Several steps are necessary to obtain a clear and coherent picture, starting with a survey of the required information. Together with responsible policy departments and knowledge partners, CBS first determines what information is needed to create a joint single point of information relating to the identified societal challenges. On this basis, it examines what information is already available, either within CBS or within knowledge partners, and which parties will be able to compile which information. This analysis shows what else is required, in terms of sources, partners and financial resources. CBS enters into partnerships to jointly meet the overall need for factual information on a societal challenge. It thus builds on existing initiatives such as the Criminal Justice System Data Alliance and the Woonopgave (a central government target to tackle the housing shortage). Various sources must be made accessible and data must be securely combined and processed into statistical outcomes. CBS aims to use its knowledge of data, data storage, processing and related standards in such collaborations and can play a coordinating role in consultation with the parties.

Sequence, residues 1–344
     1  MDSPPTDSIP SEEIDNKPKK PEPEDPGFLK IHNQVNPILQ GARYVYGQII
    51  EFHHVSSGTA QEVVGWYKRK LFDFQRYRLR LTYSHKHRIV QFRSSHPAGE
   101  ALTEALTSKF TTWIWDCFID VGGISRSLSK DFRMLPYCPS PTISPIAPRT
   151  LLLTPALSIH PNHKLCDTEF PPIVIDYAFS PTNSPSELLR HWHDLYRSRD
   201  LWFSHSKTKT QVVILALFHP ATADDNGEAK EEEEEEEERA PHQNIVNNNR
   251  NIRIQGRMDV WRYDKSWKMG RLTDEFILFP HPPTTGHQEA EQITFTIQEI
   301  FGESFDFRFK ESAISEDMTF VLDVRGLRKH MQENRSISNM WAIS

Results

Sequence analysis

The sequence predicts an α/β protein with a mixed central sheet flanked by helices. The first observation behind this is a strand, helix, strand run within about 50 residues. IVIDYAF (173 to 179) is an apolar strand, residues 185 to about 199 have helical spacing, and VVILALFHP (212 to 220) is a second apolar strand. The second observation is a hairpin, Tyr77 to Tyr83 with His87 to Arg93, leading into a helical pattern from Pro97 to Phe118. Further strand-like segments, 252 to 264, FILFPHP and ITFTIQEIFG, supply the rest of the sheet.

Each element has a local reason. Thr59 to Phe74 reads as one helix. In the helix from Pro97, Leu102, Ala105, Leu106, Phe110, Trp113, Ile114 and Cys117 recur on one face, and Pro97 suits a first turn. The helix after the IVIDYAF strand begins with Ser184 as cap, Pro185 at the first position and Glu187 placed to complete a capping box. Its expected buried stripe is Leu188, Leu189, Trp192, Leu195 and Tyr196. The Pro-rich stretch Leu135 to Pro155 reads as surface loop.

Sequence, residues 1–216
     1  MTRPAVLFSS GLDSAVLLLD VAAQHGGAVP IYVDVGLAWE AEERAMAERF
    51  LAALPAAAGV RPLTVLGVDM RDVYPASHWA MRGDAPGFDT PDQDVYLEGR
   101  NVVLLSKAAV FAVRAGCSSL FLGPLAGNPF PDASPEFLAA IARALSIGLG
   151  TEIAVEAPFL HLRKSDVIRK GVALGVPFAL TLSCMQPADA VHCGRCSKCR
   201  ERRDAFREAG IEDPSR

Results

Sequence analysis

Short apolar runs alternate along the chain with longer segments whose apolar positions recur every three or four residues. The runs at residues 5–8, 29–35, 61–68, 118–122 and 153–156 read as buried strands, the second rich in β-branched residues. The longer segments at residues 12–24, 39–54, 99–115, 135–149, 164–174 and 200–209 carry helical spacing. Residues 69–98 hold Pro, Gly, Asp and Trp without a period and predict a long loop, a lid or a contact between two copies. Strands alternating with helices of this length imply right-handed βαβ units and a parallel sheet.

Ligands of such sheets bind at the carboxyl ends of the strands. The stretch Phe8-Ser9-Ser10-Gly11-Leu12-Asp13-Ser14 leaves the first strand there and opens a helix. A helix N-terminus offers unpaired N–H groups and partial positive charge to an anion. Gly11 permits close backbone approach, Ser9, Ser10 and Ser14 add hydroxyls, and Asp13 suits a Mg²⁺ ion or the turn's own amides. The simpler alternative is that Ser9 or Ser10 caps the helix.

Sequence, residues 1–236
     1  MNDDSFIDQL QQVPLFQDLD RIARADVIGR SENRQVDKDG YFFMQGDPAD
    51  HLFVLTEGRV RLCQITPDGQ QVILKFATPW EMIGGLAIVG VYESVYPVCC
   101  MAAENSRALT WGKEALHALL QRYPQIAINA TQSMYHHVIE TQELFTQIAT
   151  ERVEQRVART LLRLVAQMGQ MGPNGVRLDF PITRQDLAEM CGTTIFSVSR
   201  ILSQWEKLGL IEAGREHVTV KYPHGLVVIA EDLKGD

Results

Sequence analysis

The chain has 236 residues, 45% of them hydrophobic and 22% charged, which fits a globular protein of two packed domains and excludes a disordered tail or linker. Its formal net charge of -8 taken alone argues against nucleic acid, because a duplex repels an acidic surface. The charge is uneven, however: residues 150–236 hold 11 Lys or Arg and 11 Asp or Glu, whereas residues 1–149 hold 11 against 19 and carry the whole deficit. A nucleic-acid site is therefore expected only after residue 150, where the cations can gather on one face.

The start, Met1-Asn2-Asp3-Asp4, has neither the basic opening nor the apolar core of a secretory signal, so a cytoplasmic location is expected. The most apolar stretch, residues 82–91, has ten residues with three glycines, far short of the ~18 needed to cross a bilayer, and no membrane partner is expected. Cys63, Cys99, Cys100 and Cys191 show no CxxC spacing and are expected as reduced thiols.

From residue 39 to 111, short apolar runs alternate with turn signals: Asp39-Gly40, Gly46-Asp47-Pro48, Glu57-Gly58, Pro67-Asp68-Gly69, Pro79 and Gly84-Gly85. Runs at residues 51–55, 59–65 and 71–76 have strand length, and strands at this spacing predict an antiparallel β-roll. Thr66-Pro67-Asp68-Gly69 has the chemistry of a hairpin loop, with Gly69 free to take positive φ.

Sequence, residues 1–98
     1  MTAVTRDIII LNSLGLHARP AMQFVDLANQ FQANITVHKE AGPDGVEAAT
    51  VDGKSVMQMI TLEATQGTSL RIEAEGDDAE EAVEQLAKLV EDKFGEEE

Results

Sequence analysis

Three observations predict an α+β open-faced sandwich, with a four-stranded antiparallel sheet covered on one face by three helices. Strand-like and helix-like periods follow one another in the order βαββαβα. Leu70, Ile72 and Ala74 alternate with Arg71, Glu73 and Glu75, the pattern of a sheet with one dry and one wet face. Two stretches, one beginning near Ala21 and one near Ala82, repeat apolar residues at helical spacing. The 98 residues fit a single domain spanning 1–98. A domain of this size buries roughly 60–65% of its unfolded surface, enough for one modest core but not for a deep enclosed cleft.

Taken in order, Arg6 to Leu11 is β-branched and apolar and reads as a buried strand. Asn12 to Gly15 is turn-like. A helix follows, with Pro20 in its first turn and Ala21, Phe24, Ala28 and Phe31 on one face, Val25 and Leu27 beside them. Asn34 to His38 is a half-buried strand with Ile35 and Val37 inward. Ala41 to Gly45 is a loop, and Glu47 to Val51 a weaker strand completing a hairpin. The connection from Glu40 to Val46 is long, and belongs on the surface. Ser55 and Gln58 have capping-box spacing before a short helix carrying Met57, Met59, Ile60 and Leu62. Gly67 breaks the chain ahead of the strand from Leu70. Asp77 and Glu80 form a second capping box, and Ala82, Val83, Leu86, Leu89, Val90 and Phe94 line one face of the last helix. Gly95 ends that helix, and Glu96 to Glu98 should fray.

Focus on challenges
Meeting the need for coherent statistical information that provides insight into societal challenges is the first strategic objective. To this end, CBS will develop new information and present existing information more coherently. Based on the external consultation, CBS has chosen within this strategic objective to focus its attention and administrative and innovative power initially on the following challenges:
The availability of a suitable home is a primary necessity of life that is increasingly under pressure. The Netherlands has had to contend with a shortage of (affordable) housing for some time now. Prices have risen sharply and the supply is limited, so first-time buyers and households with modest incomes are barely able to find a suitable home. The housing theme is diverse and complex and is often subdivided into smaller segments to keep it manageable. The interplay between the sale market and the social and private rental market and themes such as affordability, construction, contraction and growth regions, sustainability and gentrification are inextricably linked. CBS aims to make core statistical information available.